I was ready. I am not sure if he met me with fear or admiration that first visit, but I presented him with a chronology of every medical document I had, tabbed, and noted. If I was going to spend that kind of money… I was going to be sure it was worth it.
Dr. Elice had been a pediatrician for 28 years before turning to DAN! He knew that something wasn’t right and something was happening to the children he cared for. So he set out on a journey to figure it out.
Meghan was one of his very first patients, and over the last 7 years he has proved not to disappoint.
He has spent hours upon hours, listening to us, looking at lab work, getting to know Meghan, patiently explaining biochemistry, and trouble shooting her areas of greatest need first.
At the beginning we probably saw him once a month. That was back when there was a need for B-12 injections, and all sorts of lessons about metabolic pathways.
Now, he has his own office. A practice to stand behind his philosophy.
Slowly it had become more of a 2 to 3 times a year visit. Our pancreatic enzymes that have saved so much GI distress, come from him. He used his brain. He treated what he saw. He thought outside the box. No need for a pancreatic biopsy – “Let’s just try.”
He is a far cut above those who believe to “First do no Harm.” He believes to first HELP them ALL.
We walked into his office today to familiar hugs. He has a new office since we first met. A new staff. He is helping COUNTLESS children.
Today he spoke to Meghan directly for at least the first 15 minutes we were there. Then he spoke to Felix and I. We spoke about her medications, and our concerns – although the list is so much shorter than it was 7 years ago.
He ordered lots of lab tests – to try to get to the bottom of a few things.
13 vials of blood today. We will try for the rest on Saturday. And a 24 hour urine test on the horizon.
He understands autism, and while I know many friends whose children are deeply affected, he knew that Meghan was not to be one of those kids. He knew that while she is metabolically similar, there were some significant differences. She never received a diagnosis anywhere on the spectrum of autism.
He also understands PTEN. He knows of PTEN Hamartoma Tumor Syndrome. He knows of its uncanny connection to many autistic children. He knows of its cancer risks, and its vascular issues.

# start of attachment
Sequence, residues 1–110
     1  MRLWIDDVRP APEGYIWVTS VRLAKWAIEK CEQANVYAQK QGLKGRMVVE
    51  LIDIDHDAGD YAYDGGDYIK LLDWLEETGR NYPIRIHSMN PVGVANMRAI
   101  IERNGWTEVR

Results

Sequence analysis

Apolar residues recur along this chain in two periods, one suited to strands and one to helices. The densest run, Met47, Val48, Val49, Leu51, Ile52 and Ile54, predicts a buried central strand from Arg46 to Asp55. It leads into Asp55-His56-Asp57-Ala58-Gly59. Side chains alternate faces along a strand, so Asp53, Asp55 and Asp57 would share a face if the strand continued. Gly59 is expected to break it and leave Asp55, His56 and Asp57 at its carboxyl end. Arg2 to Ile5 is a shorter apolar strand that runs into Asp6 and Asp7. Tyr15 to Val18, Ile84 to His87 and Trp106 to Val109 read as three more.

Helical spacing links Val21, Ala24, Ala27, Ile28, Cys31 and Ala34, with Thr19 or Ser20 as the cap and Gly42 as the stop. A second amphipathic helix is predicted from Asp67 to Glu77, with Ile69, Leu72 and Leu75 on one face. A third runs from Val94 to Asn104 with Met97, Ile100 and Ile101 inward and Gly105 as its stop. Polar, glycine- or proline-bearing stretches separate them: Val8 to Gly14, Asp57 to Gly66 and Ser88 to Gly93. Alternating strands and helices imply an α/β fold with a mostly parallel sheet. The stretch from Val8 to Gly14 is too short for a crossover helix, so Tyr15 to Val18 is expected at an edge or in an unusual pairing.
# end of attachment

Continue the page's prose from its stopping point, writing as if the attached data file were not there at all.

And, knowing this, he will not accept Meghan’s fate as predetermined. He knows that I will continue to have her checked and scanned, but he intends to help us circumvent the inflammatory responses that will trigger a malignancy or an autoimmune response.
He will get all the lab tests. He will send them to me. We will strategize. There will be new supplements. Ones to help teach her body that it does not have to sit back and accept its fate as predetermined.
For us – he is the HOPE that we need. The balance in this rocky sea of medical storms.
He is unique in that he loves my daughter- as a grandpa more than a doctor. He is unique in the depth of his caring. He is unmatched in the extent of his love.
Almost seven years later, I shudder at where we could have been.
Today we are thankful for one of the good guys.
Thanks, Dr. Elice for working for our kids…
8 thoughts on “The Day Our World Changed…”
I continue to enjoy reading all of your blogs Lori : ) You are such an amazing mom ! Meghan is lucky to have you.
Wow, you are inspiring. I feel as though I’m reading my own lifestory when I read your posts. My daughter is 3 & was diagnosed recently with Cowden’s. Thanks for the inspiration.
I felt that way at the beginning. It helped me to know I wasn’t alone. You aren’t either!
I have goose bumps reading your post! Good and caring doctors are such an important part of the process of getting answers for your health! They can truly make a difference in ones life and thank you for sharing this story about one of the good guys!
I fully agree! My previous endocrinologist came to visit me in the hospital when I had my brain surgeries. I had seen her for 9 years….she’s one of the GREAT ones.
So few… we have to treasure them!
He is really a rare breed! Thanks for reading!